Last post on Aug 22, 2006 at 1:43 PM
You are in the Toyota Camry
What is this discussion about?
Toyota Camry Solara, Toyota Camry, Sedan
#999 of 5279 rangerwillie
Aug 20, 2002 (3:13 pm)
I checked the individual shop manuals on a 1985 Toyota Celica , 1991 Lexus LS400 , 1994 4Runner and a 2002 Camry and all these Toyota automatics without exception , prevent ( their word is prohibit ) up shifting to overdrive with engine coolant temps below 140 to 158 deg F for emission reasons . It would appear your car is shifting as per design at the present time and is in that respect " normal ". Toyota is subject to the same emission laws as all other manufacturers and this method of complying for faster warmup is common to many vehicles with ECT's and has been for many years . I would look at delayed warmup possibly due to the thermostat ?.
Aug 20, 2002 (4:18 pm)
As I said, my car did not do this for the 1st 20,000 plus miles I owned it, so in that respect it is certainly not normal.
I am glad the shop manual says this is the way it is designed, gives me confidence that it won't die.
I believe you when you say that other manufacturers use this engine warm-up method also. But in my experience no other car I've driven, nor my friends toyota's, do this. Perhaps, they do, but their shift into overdrive is not as "clunky", and therefore not noticeable. I say this b/c when it does finally shift into overdrive, it jerks pretty hard. That's the only reason I ever noticed it anyway.
I never said I had delayed warm-up. My car warms all the way to operating temp. in about 1 minute after placed under load (driving).
I do notice that it will not warm-up for sometimes 10 minutes or longer if I just let it idle (such as in in winter). I assumed this was normal since the owners manual says not to let it warm-up for more than a 30 secs- it says to just drive it soon after starting (or something to that effect). I always thought that was odd, my wifes buick would warm up in 2-3 mins while idling under exact same conditions. And I was taught to let an engine warm-up before driving it. But it never worried me b/c of what manual says, just strange.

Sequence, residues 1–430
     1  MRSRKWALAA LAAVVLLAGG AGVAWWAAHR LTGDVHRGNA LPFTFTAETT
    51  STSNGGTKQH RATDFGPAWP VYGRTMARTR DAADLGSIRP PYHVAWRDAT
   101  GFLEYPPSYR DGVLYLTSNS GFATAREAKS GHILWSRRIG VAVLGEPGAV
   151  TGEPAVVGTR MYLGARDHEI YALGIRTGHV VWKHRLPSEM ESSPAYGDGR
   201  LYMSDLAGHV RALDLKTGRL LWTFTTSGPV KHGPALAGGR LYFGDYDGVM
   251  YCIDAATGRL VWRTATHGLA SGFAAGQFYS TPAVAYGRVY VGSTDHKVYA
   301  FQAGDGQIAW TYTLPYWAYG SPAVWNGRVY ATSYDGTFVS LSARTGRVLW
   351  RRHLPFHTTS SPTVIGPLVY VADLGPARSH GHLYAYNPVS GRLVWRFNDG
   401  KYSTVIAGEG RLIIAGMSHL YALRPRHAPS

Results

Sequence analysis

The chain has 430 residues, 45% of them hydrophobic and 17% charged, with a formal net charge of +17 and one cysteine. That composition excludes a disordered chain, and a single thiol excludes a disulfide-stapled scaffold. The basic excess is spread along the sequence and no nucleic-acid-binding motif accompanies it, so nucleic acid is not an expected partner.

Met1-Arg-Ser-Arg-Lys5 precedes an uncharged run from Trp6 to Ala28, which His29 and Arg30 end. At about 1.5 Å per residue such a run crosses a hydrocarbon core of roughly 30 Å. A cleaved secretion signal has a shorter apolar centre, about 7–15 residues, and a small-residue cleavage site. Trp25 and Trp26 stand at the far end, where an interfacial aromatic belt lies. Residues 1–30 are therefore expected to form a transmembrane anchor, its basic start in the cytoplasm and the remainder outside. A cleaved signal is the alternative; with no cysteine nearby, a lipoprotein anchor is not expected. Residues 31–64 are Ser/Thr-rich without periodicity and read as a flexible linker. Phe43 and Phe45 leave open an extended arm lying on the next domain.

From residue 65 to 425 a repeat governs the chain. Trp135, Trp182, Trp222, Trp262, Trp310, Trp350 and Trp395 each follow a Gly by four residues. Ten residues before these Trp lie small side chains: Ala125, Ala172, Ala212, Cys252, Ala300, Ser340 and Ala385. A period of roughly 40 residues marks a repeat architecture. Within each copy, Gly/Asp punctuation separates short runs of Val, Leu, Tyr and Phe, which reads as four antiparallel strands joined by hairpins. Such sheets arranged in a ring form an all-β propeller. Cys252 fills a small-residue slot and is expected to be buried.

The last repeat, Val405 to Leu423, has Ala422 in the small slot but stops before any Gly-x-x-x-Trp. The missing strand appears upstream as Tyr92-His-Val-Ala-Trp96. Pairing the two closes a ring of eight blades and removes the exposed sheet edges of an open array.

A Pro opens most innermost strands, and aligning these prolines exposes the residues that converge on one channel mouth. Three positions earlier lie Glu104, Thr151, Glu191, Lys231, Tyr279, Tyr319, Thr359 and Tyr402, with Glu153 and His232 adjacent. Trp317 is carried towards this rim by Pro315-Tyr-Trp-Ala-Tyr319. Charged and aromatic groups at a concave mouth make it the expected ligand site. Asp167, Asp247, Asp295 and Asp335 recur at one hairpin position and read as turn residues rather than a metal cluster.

I replaced the thermostat a while back anyway(good preventative measure at this age and mileage). Old one was working fine, and I noticed no change in warm-up/operating temp.
On the topic, this was the first car I changed the thermostat on where it was located off the lower (instead of upper) radiator hose. Is this a toyota thing, a foreign make thing, or maybe just a FWD/electric fan thing? I can't remember if I ever changed one on FWD before, that's why I ask.
Aug 20, 2002 (4:23 pm)
BTW- Are those manuals from vehicles you owned? Did you buy them from Toyota dealer? I was just thinking, that must be expensive.
I bought a Chilton's for my car (used it for struts)- but it would be handy to have one from Toyota
#1002 of 5279 Re: Rangerwillie
Aug 20, 2002 (4:25 pm)
Thanks for the information. I think my Camry problem is more mechanically involved than that. The morning problem goes away but the 40mph problem is there all the time. To me it feels like a problem where the drive shaft inserts into the transmission as if there is an extreme amount of play or looseness. If you let off the gas for a second and the idle goes down and go to accellerate again the transmission like catches the drive shaft (cluck)which you feel throughout the car. This transition should be smooth during accelleration not like it's catching. Thanks again...U.S. Army PA.
Aug 20, 2002 (10:03 pm)
Your problem definitely sounds likes something wrong w/ your transmission- especially a brand new car. There should be no hard "clunking" in an automatic transmission at any speed, temp., shift point, etc. Older, high mileage ones eventually will, but it is never good thing.
You said it was a 2002 right? Have you taken it to the dealer? They should fix it under warranty!